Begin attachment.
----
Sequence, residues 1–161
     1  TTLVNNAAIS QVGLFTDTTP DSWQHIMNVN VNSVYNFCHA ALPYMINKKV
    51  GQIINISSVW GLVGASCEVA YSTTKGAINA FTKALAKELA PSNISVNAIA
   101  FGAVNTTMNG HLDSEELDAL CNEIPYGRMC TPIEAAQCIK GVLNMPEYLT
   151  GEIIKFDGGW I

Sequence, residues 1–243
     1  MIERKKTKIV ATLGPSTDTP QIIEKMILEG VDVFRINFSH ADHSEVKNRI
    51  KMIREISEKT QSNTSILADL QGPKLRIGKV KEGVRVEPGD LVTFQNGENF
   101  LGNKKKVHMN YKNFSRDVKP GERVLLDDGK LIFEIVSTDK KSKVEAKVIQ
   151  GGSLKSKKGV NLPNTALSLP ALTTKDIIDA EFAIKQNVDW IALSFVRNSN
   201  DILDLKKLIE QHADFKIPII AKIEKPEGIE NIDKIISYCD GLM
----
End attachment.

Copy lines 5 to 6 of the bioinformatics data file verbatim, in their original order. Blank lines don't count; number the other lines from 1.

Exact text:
   151  GEIIKFDGGW I

Sequence, residues 1–243